I've been in no rush for him to stand or walk (I know he will when he's ready, and I don't want to push him!), but I'm super proud too. I love seeing his excitement. :)
Charles is also learning how to climb, which is exciting for all of us, I'm sure. The other day I barely caught him from toppling the high chair over on himself because he'd climbed halfway up it! He'll use anything for a stool--even toys. Let the real exploring begin!
In verbal news, Charles is a huge fan of the onomatopoeia, specifically animal sounds. While we were at Pop & Mimi's house last week he really began trying to connect animals with their names and sounds (with varying degrees of success). His attempts don't always sound just like grown-up ones, but that's okay--they're cuter. He can "baa" and "neigh" (though those two sound about the same), "moo" (sort of), and does a rockin' impression of a dog: the cutest "uff uff" sound you've ever heard!
Also cool is that he recognizes animals as animals even though they may look really different from others we've identified for him--one cartoon chicken does not look like another! After learning about dogs and their sound at Pop & Mimi's, when he came home he identified a stuffed dog as an "uff uff" and got super excited when he saw his little Clifford book, pointing and going "uff uff uff!!!" Now that's his favorite thing for me to read to him. (I wish it were longer. The same five board pages over and over get old pretty quick, but his excitement keeps me going.) His most used words are "ball," "book," and, as of a couple days ago, "dog." "Mama" and "Papa" don't happen much--at his age he still doesn't completely realize he's separate from us.
Speaking of Clifford, I bought him a Clifford coloring book and some "My First Crayons" today. He colored for the first time on a kids' menu at a restaurant (Folks) in Georgia last weekend and seemed to like it. I just bought some Crayolas, but I'm keeping my eye out for some "green" crayons too.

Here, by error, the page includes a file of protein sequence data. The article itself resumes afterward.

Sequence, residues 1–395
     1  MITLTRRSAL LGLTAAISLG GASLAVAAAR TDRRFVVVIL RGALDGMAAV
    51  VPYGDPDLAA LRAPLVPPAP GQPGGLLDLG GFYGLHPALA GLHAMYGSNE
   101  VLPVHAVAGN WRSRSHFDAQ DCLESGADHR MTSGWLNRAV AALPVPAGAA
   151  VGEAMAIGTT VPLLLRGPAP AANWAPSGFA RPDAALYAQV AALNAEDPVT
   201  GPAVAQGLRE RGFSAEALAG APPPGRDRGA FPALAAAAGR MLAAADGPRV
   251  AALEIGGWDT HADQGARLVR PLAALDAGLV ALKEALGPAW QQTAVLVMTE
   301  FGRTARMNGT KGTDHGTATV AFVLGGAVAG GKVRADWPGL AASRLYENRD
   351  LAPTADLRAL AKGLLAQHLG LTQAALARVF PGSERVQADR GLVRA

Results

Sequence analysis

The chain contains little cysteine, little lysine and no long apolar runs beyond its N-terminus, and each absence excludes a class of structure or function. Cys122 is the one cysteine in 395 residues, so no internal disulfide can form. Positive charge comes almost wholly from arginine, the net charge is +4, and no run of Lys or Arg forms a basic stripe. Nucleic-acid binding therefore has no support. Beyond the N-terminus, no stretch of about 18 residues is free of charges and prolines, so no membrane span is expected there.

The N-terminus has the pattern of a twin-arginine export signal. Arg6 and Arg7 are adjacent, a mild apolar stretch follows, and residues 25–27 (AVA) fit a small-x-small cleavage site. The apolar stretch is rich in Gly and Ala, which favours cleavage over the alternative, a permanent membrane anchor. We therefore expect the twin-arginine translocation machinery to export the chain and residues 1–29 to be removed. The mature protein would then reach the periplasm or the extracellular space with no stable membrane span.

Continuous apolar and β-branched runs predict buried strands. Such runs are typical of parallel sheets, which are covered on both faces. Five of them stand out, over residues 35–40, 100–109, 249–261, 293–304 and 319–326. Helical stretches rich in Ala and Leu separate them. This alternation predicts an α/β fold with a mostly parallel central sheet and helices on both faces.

On the food front, Charles is still nursing an average of five times a day, which is a bit more than a lot of babies his age but just right for us. I'm planning on letting him wean when he's ready and no sooner; I have no aversion to letting him nurse past two years: the worldwide average is more than four!
He still loves eggs and avocados, as well as those organic food pouches while we're on the go. He pretty much eats whatever we're eating unless it's something he's unable to chew, like carrot sticks or nuts. I'm trying to make it a policy not to eat something myself I won't allow him to eat for health reasons; so if I splurge, he gets some too (if he wants some). The idea is that it'll make me think more about my own food choices and splurge less! So far it's working.
My favorite thing right now is that Charles has gotten to a point where we can really do things together. I can finally read to him and he'll pay attention. Now he can build block towers with me rather than just knock mine over. He's learning how to put shapes in a shape sorter (with a little help from one of us). When I sing to him, he sings back to me. If I hug him, he hugs me back. (He blows kisses too.) He can really understand so much more of what we're saying than even a month ago, and I love love love being able to talk to him!
Charles is also learning to manipulate his environment, pointing, grunting, and otherwise directing us in what he wants us to do. He knows what he wants--sometimes he points to a spot with several things and he will shake his head "no" until you pick up what he was pointing at, whether it is a specific book or a type of food. I'm trying to be more conscientious about labeling things for him so that one day (hopefully sooner rather than later) his grunts will turn into attempts at words.
It's pitiful and adorable when he gets frustrated by not being able to get his message across. Unfortunately, his frustration right now comes out as hitting, which I understand but obviously don't condone. So we're encountering our first real discipline area and praying for wisdom in how best to handle how to teach our son not to hit without "hitting" (as he would perceive it) him.
In sum, we're having a blast. It's not always easy: there are multiple times every single day where I sit back and wonder, "What in the world am I doing???" But it is SO worth it.